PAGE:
Alas, this incredible African country, which is so unique it has its own system of time, and has 13 months in a year, and is the birthplace of coffee, is at war with itself. Almost exactly a year ago to the day (November 6, 2020), the Ethiopian government attacked the forces of the Tigray Peoples Liberation Front (TPLF), the ruling party in the Tigray Region of this highly decentralised federal country. The Ethiopian government’s attack was in response to an earlier attack by the TPLF on the Northern Command of the Ethiopian National Defense Force (ENDF) in Mekelle, Tigray’s regional capital. The ENDF fight against the TPLF was also supported by the Eritrean Defence Force (EDF) of neighboring Eritrea, which only admitted its involvement in April 2021, and pulled out that month.

The Ethiopian government initially had the upper hand in the conflict, after driving out the TPLF out of Mekelle, and appointing a new regional administration in its place. On 26 November 2020, Prime Minister Ahmed said that TPLF forces had surrendered to the ENDF, that the conflict in Tigray had entered its “final phase,” and refused to accept any efforts to mediate and end it.

Fast forward a year, and the tables have been turned on Prime Minister Ahmed. After regrouping and fighting back, the TPLF re-took Mekelle on 28 June 2021, and expanded the war by entering Afar in July, and capturing territory in Amhara in August. Last week, it was reported that TPLF forces were within 400 Km of Addis Ababa. In addition, eight anti-government groups, including some from Oromia (Ethiopia’s largest and most populous Region) announced in Washington, DC that they had formed a coalition with the TPLF to oust Prime Minister Ahmed’s government.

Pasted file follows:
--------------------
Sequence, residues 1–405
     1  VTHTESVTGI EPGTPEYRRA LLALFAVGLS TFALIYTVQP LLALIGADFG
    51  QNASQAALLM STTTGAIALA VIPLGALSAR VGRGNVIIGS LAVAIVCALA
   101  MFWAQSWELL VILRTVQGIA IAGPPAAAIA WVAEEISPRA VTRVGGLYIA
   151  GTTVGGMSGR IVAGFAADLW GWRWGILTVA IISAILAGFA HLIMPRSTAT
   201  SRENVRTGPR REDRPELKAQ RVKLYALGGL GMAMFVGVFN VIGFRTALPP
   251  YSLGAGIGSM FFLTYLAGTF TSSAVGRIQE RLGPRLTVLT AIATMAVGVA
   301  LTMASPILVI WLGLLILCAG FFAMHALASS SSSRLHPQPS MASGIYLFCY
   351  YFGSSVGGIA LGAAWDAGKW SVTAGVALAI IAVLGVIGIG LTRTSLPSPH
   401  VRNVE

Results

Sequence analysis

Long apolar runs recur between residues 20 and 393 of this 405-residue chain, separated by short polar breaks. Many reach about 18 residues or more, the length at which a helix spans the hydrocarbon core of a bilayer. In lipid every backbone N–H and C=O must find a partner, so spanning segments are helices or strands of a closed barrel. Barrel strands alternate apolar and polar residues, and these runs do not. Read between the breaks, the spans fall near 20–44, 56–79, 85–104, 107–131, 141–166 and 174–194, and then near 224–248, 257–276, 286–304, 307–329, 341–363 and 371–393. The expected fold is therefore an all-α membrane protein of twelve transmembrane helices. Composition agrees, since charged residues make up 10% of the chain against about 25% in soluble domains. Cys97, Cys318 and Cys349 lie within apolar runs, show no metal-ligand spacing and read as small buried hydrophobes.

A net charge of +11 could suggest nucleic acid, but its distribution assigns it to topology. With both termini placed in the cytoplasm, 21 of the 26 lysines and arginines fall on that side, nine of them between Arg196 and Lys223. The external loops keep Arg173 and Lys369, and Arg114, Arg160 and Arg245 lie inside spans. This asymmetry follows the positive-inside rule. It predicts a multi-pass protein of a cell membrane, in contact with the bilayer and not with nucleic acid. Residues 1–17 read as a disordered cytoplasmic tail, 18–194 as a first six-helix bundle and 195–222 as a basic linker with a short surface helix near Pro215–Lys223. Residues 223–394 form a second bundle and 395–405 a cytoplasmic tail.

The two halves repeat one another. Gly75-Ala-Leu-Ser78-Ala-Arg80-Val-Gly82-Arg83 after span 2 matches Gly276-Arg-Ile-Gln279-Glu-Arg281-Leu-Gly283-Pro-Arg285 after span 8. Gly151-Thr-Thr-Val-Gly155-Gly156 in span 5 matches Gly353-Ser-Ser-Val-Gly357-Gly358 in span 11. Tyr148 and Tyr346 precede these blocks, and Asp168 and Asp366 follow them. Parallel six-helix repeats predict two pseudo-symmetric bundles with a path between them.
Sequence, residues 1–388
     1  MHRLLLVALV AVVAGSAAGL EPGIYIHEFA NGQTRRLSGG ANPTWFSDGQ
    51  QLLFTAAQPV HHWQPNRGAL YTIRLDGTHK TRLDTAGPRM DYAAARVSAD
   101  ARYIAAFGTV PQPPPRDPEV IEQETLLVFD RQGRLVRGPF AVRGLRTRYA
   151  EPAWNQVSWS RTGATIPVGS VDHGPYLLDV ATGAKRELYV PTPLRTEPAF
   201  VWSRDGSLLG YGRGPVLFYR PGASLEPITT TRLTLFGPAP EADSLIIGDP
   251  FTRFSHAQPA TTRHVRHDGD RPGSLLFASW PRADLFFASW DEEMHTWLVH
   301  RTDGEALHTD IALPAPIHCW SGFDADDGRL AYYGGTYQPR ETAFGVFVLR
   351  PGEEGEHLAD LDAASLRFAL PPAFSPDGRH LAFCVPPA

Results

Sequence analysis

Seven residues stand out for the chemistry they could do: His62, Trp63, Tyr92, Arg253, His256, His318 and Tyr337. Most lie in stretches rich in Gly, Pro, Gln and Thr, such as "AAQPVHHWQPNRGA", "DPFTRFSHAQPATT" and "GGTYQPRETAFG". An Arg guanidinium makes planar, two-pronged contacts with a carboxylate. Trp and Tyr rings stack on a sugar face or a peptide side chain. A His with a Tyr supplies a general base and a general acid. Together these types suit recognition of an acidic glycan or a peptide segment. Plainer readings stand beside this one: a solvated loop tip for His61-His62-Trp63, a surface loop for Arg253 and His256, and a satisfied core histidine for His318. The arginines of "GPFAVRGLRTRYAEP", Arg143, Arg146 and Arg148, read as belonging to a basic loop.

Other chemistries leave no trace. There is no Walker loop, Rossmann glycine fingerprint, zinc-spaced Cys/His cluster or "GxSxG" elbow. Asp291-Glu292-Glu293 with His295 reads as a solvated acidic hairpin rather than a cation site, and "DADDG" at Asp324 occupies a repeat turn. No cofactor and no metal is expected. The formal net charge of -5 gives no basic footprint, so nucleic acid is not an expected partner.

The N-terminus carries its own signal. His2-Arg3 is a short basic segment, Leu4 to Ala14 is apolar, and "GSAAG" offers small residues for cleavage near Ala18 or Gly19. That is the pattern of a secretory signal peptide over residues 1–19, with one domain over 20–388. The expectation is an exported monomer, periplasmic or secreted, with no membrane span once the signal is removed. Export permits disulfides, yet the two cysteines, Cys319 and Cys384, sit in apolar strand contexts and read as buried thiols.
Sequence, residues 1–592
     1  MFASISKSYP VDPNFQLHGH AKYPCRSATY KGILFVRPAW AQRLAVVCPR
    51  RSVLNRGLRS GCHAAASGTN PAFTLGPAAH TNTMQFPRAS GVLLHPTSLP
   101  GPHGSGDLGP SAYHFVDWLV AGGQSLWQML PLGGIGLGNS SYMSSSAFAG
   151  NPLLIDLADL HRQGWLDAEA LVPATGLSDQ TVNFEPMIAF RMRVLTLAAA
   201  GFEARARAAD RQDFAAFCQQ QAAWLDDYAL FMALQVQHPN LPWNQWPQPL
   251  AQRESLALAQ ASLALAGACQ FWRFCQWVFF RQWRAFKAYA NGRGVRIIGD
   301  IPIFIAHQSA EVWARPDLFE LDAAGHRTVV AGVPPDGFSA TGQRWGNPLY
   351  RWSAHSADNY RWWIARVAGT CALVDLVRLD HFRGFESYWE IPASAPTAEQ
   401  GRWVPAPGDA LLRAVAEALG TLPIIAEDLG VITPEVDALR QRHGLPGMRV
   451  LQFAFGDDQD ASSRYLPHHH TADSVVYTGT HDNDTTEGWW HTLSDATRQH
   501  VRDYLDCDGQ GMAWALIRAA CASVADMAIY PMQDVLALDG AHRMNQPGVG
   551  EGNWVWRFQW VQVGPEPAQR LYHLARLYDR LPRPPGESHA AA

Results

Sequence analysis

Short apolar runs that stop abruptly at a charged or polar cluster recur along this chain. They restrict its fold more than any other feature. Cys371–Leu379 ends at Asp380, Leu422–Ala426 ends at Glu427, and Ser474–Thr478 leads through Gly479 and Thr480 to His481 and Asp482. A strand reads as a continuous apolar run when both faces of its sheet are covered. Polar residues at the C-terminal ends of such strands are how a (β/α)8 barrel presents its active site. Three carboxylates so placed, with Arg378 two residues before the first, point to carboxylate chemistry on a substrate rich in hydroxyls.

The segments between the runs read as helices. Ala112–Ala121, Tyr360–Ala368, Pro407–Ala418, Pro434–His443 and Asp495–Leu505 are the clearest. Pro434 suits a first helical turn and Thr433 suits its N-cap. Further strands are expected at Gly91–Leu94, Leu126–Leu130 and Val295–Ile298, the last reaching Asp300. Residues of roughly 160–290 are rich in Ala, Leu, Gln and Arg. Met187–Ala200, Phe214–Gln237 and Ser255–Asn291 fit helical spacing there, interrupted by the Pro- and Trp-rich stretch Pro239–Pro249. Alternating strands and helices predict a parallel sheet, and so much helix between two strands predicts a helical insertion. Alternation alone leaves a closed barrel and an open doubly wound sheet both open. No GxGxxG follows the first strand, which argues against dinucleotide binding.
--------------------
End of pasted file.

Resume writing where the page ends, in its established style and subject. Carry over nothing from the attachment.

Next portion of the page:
The conflict in Tigray forced over 50,000 people to seek refuge in Sudan, and by August 2021, over 1.7 million were internally displaced in Tigray. Recently, a UN report said all parties to the conflict in Tigray (including the EDF) have committed gross violations of “international human rights, humanitarian, and refugee law.”

The conflict between the TPLF and the government of Ethiopia threatens the country’s development agenda. Although Ethiopia had a per capita income of US$850 in 2019, its economy has experienced a strong, broad-based average annual growth of 9.4 percent from 2010/11 to 2019/20. Ethiopia also launched its Ten Years [sic] Perspective Plan (2021–2030) which aims to transform Ethiopia into a “an African beacon of prosperity”.

Despite the escalation of the conflict, its devastating impact, and prospects for more disaster for Ethiopia if it continues, the international community has so far had a weak, un-coordinated and ineffective response to it. The AU, which appointed the former Nigerian president Olusegun Obasanjo to help resolve the conflict, has been accused of siding with the government of Ethiopia. Besides, one wonders whether Obasanjo, who is 84 years old, has the stamina to effectively do his job.

The US could have been an effective partner in helping Ethiopia and Tigray resolve their conflict. Unfortunately, recent actions by the US government point to a more sinister motivation for whatever role they have decided to play. Last week, President Biden announced that because of gross human rights violations by Ethiopia, the US will end its participation in the African Growth and Opportunity Act programme, which enables beneficiary countries to export products duty-free to the US.

Furthermore, the US authorised voluntary departure of some of US government staff and their families, advised US citizens in Ethiopia to leave the country, and formed a task force to oversee these departures. The visit of the US special envoy for the Horn of Africa to Addis Ababa will probably be remembered not for his peace efforts, but his pleading with the TPLF not to move into or besiege Addis Ababa. “With friends like these, who needs enemies,” as the former EU president Donald Tusk said of former US president Donald Trump.

It is clear Ethiopia is at a critical juncture in its history. It is clear a breakup of or instability in Ethiopia will have grave consequences for the country, Africa and indeed the whole world. It is clear the international community can do better at ending the conflict. They should. They owe it to the people of Ethiopia (who humanity owes a lot), and humanity.

Katim S Touray is a soil scientist and an international development consultant.